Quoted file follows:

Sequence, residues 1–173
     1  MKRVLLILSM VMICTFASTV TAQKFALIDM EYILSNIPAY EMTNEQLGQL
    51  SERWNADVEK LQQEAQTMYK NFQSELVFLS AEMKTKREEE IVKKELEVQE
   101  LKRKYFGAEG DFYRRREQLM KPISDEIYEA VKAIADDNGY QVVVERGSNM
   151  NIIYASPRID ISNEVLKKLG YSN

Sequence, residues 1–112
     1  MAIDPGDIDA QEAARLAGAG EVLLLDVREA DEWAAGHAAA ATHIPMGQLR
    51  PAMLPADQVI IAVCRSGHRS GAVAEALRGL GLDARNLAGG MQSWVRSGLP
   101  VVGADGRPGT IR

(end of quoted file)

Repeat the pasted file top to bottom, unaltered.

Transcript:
Sequence, residues 1–173
     1  MKRVLLILSM VMICTFASTV TAQKFALIDM EYILSNIPAY EMTNEQLGQL
    51  SERWNADVEK LQQEAQTMYK NFQSELVFLS AEMKTKREEE IVKKELEVQE
   101  LKRKYFGAEG DFYRRREQLM KPISDEIYEA VKAIADDNGY QVVVERGSNM
   151  NIIYASPRID ISNEVLKKLG YSN

Sequence, residues 1–112
     1  MAIDPGDIDA QEAARLAGAG EVLLLDVREA DEWAAGHAAA ATHIPMGQLR
    51  PAMLPADQVI IAVCRSGHRS GAVAEALRGL GLDARNLAGG MQSWVRSGLP
   101  VVGADGRPGT IR